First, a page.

Gambling City

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Gambling Goodies From the Grave?

Author: Mark Pilarski

Dear Mark: A friend recently passed away. He had a large amount of casino comps. Do they go to his estate and to his heirs? Bob M.

In its strictest form, Bob, a "will" is limited to real property while a "testament" applies to the disposition of personal property. So, is the distribution of your friend’s personal property in the form of casino comps and used by a beneficiary legitimate? Most likely, not, Bob.

The thinking behind comps, Bob, is to get you into the casino and to gamble. YOU are the gambler they are targeting, not Aunt Gertie. If the departed acquired room, food, and beverage (RFB) comps, show tickets, and rounds of golf to induce continued play, kinfolk can’t covertly use the deceased’s freebies.

Somewhere in itsy bitsy fine print on just about every club card brochure, the wording along these lines exists: NON TRANSFERABLE! Members may not give, lend or in any way grant another person use of their card.

These revocable perks-for-play, Bob, are a privilege given out by such-and-such casino respectivly in exchange for THAT player’s past and future action. Most casinos will want to see a photo identification of the person trying to redeem comps, and it had better match with the individual whose name is associated with that account. A copy of an obituary won’t make the grade.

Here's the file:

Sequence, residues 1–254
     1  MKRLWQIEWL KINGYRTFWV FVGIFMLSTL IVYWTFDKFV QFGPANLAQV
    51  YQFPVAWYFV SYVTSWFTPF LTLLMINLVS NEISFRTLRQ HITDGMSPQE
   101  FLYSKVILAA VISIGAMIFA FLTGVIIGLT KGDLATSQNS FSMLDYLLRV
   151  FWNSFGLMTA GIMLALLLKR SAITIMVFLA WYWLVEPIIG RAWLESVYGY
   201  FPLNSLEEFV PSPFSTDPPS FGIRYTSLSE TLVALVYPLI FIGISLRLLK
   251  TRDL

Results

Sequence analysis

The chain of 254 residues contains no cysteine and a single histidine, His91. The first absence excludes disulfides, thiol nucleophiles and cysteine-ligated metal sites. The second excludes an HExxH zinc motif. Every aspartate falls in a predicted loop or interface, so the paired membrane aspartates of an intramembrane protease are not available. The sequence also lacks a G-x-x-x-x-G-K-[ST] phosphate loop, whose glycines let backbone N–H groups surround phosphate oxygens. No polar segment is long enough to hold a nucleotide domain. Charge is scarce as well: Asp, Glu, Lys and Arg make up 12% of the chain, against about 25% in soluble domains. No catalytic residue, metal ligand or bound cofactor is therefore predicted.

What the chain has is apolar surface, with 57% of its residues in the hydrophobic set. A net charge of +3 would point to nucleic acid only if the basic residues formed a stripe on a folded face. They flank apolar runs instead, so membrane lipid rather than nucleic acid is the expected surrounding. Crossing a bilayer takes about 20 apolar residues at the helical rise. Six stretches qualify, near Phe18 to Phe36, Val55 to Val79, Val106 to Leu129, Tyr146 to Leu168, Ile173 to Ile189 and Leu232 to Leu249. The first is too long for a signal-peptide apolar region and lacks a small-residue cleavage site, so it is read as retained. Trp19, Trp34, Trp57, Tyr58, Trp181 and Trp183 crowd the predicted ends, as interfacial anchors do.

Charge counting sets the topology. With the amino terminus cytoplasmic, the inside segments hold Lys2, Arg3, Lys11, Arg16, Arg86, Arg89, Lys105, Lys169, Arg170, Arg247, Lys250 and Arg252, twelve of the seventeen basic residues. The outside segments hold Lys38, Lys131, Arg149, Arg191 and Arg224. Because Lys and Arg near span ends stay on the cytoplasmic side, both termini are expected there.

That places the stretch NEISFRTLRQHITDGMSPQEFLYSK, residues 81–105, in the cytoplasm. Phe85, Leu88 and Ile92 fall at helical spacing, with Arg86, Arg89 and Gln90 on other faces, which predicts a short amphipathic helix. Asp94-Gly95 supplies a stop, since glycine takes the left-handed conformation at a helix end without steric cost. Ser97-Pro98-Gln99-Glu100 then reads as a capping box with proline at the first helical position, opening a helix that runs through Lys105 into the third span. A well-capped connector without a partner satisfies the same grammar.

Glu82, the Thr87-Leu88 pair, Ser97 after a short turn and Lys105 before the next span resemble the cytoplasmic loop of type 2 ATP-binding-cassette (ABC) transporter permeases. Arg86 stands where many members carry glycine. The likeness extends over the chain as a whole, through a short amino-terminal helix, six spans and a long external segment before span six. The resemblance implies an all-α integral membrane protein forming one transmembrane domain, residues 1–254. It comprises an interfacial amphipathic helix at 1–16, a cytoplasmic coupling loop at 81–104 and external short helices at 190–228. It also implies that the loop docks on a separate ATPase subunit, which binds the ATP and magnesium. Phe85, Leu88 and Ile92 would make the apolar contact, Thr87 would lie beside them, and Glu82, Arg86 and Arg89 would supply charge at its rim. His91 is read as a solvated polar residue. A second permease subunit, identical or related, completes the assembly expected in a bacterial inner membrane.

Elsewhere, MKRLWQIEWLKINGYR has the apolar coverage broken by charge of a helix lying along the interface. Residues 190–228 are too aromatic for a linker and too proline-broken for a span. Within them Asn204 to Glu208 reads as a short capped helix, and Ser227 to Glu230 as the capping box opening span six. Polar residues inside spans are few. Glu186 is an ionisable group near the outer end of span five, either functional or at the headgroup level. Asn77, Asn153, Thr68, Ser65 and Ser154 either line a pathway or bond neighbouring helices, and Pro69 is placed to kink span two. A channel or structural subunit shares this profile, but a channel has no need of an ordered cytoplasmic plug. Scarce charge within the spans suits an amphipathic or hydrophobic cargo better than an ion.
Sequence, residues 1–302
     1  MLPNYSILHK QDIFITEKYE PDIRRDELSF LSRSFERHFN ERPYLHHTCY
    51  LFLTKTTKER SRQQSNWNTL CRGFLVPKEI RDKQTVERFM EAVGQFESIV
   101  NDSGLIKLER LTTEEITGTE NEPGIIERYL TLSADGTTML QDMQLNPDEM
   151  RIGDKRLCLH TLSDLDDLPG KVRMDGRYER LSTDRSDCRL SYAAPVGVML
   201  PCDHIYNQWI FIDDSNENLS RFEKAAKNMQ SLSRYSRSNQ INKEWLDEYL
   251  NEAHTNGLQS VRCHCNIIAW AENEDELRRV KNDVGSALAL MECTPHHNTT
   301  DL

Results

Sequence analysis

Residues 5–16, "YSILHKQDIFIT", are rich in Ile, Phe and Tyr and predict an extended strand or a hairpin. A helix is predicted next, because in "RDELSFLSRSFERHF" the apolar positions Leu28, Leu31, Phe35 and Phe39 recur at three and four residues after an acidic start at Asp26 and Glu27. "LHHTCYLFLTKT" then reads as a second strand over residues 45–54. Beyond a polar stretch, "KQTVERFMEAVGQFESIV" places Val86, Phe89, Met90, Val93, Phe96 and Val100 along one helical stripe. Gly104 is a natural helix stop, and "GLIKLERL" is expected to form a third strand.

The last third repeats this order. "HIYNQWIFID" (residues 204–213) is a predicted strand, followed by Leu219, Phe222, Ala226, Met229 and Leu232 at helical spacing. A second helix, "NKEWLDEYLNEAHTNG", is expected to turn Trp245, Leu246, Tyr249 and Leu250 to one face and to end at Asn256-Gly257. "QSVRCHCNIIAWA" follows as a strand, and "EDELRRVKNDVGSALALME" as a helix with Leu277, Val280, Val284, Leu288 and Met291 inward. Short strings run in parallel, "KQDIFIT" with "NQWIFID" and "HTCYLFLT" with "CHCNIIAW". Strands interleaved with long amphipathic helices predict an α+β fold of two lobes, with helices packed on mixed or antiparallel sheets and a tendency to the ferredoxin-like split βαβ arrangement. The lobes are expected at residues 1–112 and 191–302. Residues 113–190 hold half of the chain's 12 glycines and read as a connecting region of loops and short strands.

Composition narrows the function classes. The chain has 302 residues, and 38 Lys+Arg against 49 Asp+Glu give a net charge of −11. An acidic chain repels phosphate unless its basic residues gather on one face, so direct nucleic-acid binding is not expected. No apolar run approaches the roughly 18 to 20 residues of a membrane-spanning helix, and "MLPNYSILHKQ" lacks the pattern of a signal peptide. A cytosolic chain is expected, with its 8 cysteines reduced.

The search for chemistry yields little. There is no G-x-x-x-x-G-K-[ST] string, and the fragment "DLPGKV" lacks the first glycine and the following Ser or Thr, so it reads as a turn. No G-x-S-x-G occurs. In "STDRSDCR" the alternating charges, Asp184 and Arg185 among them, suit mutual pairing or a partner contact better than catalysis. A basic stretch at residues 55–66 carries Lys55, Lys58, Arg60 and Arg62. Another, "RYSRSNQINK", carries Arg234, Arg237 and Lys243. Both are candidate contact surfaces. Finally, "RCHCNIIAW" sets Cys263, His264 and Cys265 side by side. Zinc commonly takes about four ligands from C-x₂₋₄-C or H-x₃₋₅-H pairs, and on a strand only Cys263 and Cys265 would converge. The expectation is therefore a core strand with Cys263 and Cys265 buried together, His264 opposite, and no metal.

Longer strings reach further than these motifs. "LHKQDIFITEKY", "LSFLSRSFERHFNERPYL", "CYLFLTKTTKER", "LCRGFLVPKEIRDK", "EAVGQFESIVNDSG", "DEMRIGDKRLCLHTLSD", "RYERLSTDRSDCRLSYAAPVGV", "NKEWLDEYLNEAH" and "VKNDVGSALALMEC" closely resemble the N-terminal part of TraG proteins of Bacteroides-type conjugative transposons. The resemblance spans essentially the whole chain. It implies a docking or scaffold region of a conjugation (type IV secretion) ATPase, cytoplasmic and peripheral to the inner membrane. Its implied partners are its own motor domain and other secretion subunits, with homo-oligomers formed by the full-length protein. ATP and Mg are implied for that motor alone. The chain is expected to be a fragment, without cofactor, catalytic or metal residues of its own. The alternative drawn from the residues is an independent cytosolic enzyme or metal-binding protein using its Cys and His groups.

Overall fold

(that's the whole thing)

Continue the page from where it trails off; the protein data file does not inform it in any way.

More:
Dear Mark: I don't gamble, but I very much enjoy your column. You make your point very clearly, unlike the authors who have the other poker column and write in jargon that I don't really understand.

Your latest column regarding a blackjack player who was insulted by the dealer's play so he "cashed out and went to a slot machine." I can envision the scene, and surely it would have been more effective to "cash out, find a deck chair and a good book." Toasting the pit boss from a deck chair would have been so much interesting than toasting him with a handle in his hand. I am afraid he lost all my empathy when he chose to continue getting screwed, after getting screwed. Fender T.

Thank you for your kind words, Fender, and your support of the column. It always amazes me how many non-gamblers read it. I really don’t have too much to add, with the exception that your wit and wisdom was worth sharing with my readers.

As for why gamblers do what they do, well, there is a simple explanation. The casino does all within its power to entice you to gamble and forget that pulling on a slot handle, in most circumstances, is one of the worst bets the casino offers. Add bright lights, drinks and mesmerizing melodies coming from their slot machines, and suddenly, those “don’t do it” principles from a faith-based upbringing are out the window.

Gambling Wisdom of the Week: “Once I lost ten blue chips to a player who bet me that the pale light we happened to notice filtering through the curtains was dusk, not dawn.” – Dick Miles, Lowball in a Time Capsule (1970)